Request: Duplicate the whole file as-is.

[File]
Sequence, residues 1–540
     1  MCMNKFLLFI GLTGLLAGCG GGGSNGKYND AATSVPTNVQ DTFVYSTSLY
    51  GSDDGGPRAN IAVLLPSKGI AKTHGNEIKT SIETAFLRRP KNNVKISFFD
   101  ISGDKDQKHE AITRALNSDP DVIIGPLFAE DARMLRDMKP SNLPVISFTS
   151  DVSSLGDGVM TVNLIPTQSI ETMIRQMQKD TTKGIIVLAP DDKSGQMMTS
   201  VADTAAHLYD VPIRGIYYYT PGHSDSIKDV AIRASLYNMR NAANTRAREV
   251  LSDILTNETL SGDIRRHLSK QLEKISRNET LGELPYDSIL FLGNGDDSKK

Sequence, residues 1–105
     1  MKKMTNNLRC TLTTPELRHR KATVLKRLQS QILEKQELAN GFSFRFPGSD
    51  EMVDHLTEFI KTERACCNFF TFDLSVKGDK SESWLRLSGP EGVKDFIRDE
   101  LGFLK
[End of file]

Sequence, residues 1–540
     1  MCMNKFLLFI GLTGLLAGCG GGGSNGKYND AATSVPTNVQ DTFVYSTSLY
    51  GSDDGGPRAN IAVLLPSKGI AKTHGNEIKT SIETAFLRRP KNNVKISFFD
   101  ISGDKDQKHE AITRALNSDP DVIIGPLFAE DARMLRDMKP SNLPVISFTS
   151  DVSSLGDGVM TVNLIPTQSI ETMIRQMQKD TTKGIIVLAP DDKSGQMMTS
   201  VADTAAHLYD VPIRGIYYYT PGHSDSIKDV AIRASLYNMR NAANTRAREV
   251  LSDILTNETL SGDIRRHLSK QLEKISRNET LGELPYDSIL FLGNGDDSKK

Sequence, residues 1–105
     1  MKKMTNNLRC TLTTPELRHR KATVLKRLQS QILEKQELAN GFSFRFPGSD
    51  EMVDHLTEFI KTERACCNFF TFDLSVKGDK SESWLRLSGP EGVKDFIRDE
   101  LGFLK